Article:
Remembering Pearl Harbor

2011

50 years ago this week, a tragic event has been imprinted in U.S. history. On December 7, 1941, Japan sent midget submarines and planes each with explosives to Oahu with the intent to bomb America's naval base. This week, we remember those who died in Pearl Harbor.


We were not prepared for this attack. General Walter Short was commander of the army near Oahu. He misinterpreted a message and and prepared the base for a sabotage attack. This meant all planes had to be landed closely together so that the soldiers didn't have to defend so much space. Unfortunately, this made it easier for the Japanese to destroy the base. At first, Japan sent undercover midget subs for an attack. However, they were caught before they could do damage. But that didn't stop their army. Their first wave consisted of 189 planes, torpedo and high-altitude bombers would aim for the battleships, and dive-bombers would target the airfield. There second wave was 171 planes. They were sent to finish total destruction.



Half of the U.S. navy was docked on December 7, including its battleships: the Nevada, Tennessee, Arizona, West virginia, Maryland, Oklahoma, and California. The USS West Virginia sunk after ten bombs. The USS Oklahoma went down shortly after. Then the USS Nevada tried to escape, but sadly sunk after being hit five times. The worst attack was the USS Arizona. Only 337 of the crewmen survived. It was the "worst ship single disaster" of the time.


After the attack, 2,403 people had died, including civilians. 21 ships had sunk or exploded. Nearly 350 planes were destroyed. America's navy was in ruins. Today, a memorial stands on remembrance of Pearl Harbor, the USS Arizona Memorial. It stands over the ruins of the ship and has the 1,177 names of the people who died on the vessel. Although we have made up with the Japanese, we will never forget those who died in the attack on Pearl Harbor.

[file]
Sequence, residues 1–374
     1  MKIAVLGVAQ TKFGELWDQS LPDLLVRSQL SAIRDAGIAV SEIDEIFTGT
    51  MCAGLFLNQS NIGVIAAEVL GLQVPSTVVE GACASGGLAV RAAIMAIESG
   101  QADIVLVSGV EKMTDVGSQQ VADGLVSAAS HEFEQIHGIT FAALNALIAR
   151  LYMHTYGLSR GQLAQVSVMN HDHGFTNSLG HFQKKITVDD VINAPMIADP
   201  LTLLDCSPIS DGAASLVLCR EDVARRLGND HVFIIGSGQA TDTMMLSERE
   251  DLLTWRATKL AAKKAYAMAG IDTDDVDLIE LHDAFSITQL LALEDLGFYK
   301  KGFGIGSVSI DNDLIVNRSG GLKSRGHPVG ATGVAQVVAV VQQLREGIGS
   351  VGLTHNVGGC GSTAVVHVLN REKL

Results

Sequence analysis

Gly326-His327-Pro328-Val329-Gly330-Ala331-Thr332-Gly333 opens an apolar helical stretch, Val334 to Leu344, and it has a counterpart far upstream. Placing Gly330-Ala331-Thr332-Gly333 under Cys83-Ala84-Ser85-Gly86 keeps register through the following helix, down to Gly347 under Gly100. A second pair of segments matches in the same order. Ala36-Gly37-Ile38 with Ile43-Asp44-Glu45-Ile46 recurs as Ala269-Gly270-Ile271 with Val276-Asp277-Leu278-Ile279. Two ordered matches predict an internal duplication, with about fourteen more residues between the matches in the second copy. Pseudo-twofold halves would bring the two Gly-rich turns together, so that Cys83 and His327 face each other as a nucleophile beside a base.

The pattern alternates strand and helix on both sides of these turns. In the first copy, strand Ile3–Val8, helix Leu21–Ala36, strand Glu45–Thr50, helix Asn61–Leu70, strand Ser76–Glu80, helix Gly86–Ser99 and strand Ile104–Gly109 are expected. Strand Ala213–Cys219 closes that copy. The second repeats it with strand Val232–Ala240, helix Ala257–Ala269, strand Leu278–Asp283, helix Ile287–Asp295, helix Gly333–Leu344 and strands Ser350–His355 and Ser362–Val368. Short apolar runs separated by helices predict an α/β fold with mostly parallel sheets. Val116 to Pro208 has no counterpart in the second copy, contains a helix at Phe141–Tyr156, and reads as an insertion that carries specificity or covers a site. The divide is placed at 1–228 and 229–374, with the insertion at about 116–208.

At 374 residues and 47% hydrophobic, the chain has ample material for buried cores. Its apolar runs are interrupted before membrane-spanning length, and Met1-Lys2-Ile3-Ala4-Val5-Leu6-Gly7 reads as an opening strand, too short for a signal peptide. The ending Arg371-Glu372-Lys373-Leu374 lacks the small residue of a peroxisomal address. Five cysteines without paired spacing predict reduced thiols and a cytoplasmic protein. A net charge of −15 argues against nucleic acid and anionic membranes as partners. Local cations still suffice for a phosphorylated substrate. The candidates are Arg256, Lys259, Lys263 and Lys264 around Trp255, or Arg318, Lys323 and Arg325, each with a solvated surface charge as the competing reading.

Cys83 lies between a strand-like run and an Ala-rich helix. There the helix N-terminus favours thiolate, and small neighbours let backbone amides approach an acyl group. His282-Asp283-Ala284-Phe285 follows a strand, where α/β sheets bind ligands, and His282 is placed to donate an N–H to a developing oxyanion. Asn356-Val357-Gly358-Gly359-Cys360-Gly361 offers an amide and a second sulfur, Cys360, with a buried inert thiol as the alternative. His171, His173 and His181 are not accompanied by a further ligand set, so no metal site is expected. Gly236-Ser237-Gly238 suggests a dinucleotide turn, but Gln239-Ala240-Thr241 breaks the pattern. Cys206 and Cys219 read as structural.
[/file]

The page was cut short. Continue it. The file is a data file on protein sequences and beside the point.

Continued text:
Many know that the attack on Pearl Harbor was Japan attacking us. But do you know about how we fought back? After Pearl Harbor, the President Roosevelt decided to clear the West Coast of any Japanese-American families. They were forced to sell their property and go to relocation camps located in California, Wyoming, Idaho, Arkansas, Colorado, Arizona, and Utah. In the ten camps, 120,000 people were enslaved in them. This is because we were worried that they were letting Japanese messages pass through to Japan's army. Instead of interrogating them all and finding the people who were actually helping Japan, we sent any Japanese-American people into camps, no matter if they had a citizenship. After the war ended in 1945, most families were able to leave. The last camp closed out in March 1946. All the Japanese families where given restitution payments if they had survived the camp. Even though Pearl Harbor was bad, we were just as bad to our own citizens as they were to us.